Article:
* Night to Honor Israel - last week's Christian/Jewish event was pretty impressive. Shreveport Community Church was nearly full and the music and preaching was inspiring. Not everyone buys the message though. I heard from a Rabbi who is very skeptical of the movement. Rabbi Samuel Stahl of a reform congregation in San Antonio said the efforts can often be bigotted about Muslims and he can't shake the fact the many of these Evangelicals expect him to convert at the Second Coming of Christ. Local folks all seemed on board, but it's something to think about.

I'll be working much of the weekend with the election and the visit from the president of the Assemblies of God - I should have stuff from him to post Sunday or Monday. And then I'll try to be better about my routine.

Wednesday, October 10, 2007

Great ghosts!

You haven't disappointed me so far. A few of you have been brave enough to send in your own stories of strange supernatural occurances, and they've been great. I've got strange smells, opening and closing doors and sounds -- all unexplainable. And no, I don't think you're crazy.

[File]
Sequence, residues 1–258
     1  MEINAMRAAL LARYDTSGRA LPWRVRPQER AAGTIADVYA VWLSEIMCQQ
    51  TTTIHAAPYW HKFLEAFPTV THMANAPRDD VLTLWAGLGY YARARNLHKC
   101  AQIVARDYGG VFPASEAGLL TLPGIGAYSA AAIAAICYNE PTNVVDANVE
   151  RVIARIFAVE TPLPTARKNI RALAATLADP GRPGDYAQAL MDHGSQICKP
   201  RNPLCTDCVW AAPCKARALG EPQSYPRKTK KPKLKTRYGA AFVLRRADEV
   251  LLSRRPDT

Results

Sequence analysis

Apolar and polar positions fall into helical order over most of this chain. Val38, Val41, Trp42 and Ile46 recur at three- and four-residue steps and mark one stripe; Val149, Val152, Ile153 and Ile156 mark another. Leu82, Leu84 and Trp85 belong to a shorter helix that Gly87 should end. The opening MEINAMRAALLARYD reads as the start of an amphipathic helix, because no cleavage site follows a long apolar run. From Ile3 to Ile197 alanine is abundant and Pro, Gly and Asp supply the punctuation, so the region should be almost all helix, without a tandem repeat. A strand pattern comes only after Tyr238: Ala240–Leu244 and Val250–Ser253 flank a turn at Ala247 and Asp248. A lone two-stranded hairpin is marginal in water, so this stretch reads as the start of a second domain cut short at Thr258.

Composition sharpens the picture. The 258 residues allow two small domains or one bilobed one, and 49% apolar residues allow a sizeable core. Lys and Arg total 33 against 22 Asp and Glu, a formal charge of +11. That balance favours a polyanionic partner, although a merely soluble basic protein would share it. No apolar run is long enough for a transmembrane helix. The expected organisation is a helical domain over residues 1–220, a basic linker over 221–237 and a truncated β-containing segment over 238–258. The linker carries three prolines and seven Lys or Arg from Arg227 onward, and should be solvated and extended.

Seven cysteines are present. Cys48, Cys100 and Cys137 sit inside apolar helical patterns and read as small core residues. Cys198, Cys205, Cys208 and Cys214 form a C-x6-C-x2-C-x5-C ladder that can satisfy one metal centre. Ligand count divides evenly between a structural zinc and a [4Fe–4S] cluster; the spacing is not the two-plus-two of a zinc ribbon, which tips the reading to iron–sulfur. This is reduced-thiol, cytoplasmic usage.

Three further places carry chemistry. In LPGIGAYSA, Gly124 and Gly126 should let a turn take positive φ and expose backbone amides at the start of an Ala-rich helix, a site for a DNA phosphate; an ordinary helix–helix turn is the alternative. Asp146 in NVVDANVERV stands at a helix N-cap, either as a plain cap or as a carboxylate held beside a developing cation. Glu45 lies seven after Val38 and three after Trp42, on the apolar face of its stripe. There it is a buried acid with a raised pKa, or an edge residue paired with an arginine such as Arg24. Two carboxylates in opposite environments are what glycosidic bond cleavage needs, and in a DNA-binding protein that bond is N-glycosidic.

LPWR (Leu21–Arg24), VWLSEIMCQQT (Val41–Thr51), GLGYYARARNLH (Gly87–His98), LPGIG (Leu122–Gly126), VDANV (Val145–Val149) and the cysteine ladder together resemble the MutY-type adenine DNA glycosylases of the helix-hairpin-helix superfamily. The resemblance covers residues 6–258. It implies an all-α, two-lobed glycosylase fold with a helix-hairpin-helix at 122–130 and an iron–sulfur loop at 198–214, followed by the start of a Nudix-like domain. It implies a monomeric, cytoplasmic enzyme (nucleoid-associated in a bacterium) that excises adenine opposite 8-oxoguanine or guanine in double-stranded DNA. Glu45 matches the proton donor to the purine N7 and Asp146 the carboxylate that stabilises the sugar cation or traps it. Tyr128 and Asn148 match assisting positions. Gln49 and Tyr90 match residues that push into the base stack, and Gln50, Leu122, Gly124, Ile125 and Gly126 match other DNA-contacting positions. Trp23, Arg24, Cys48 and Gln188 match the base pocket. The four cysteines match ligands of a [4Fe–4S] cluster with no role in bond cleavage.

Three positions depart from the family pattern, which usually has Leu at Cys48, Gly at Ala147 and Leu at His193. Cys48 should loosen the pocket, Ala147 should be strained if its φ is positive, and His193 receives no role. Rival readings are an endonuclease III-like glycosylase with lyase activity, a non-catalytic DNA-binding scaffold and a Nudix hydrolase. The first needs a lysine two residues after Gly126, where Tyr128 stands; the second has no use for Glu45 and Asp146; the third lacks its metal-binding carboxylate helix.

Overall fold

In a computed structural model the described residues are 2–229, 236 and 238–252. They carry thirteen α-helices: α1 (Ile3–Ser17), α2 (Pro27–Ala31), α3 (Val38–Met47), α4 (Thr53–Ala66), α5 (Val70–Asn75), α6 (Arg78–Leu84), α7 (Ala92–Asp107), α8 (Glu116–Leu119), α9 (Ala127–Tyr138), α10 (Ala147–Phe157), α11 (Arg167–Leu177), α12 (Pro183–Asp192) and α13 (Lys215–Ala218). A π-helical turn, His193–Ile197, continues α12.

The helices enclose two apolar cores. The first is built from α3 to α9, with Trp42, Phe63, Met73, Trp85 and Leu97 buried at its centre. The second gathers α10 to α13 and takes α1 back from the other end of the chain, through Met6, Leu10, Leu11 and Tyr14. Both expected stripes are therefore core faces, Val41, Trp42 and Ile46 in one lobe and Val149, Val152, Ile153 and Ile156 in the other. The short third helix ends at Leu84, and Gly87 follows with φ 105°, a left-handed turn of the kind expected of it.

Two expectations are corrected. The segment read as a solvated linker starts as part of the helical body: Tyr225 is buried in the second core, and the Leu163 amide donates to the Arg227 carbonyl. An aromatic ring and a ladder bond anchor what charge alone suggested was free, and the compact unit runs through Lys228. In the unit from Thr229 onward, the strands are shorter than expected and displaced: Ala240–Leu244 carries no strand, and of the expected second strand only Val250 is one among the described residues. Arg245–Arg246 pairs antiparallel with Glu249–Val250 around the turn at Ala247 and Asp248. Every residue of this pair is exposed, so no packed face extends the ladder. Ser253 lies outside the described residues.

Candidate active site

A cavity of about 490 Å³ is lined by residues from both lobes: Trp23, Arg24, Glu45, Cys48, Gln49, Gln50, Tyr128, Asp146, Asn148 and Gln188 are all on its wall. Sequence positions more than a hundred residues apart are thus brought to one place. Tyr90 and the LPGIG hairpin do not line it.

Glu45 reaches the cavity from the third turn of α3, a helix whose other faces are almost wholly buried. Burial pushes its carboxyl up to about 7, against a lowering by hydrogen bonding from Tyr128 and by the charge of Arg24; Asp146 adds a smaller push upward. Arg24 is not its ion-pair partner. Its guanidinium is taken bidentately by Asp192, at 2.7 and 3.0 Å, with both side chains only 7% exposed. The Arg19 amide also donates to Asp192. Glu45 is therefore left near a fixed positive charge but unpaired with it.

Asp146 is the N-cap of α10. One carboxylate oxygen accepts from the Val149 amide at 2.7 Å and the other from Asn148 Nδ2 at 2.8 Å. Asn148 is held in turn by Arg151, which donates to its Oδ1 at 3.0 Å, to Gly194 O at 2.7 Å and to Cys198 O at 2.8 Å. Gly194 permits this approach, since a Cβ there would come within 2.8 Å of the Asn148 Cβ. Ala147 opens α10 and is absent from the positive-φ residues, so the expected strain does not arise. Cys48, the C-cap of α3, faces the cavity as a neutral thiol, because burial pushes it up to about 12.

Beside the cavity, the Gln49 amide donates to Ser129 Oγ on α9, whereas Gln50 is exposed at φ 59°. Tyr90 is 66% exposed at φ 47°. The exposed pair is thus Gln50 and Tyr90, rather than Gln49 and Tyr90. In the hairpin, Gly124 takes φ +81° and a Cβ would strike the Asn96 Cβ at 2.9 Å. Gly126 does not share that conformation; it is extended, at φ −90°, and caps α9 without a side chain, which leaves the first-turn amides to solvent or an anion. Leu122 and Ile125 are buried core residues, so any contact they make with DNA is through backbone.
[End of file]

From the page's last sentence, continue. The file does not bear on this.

Also interesting is everyone that has told me their stories says they are Christians, and they're trying to make sense of their experience and what they've been taught about death.

I could still use a few more to flesh out the story. Please send me your tales of mystery and I'll put them together for a piece in a couple of weeks. My e-mail is dhaag@gannett.com.

Tuesday, October 09, 2007

Honoring Israel

Christians will sing Hebrew melodies. Jews will pray in a church while charismatic Christians raise their arms in worship. A representative of the Israeli consulate and an internationally known Evangelical pastor will speak.